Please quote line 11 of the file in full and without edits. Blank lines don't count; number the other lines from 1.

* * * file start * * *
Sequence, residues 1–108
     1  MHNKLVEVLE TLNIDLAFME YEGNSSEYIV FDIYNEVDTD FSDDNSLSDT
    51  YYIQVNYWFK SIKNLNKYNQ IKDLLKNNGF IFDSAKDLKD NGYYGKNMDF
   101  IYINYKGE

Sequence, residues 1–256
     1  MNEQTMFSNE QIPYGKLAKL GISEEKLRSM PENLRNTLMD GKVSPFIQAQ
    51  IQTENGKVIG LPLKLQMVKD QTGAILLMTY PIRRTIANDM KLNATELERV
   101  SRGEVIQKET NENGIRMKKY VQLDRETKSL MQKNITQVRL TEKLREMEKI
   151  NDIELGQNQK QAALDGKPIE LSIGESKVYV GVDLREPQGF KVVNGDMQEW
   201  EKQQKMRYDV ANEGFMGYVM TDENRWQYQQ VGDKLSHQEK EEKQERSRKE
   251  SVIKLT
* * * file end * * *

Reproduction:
   251  SVIKLT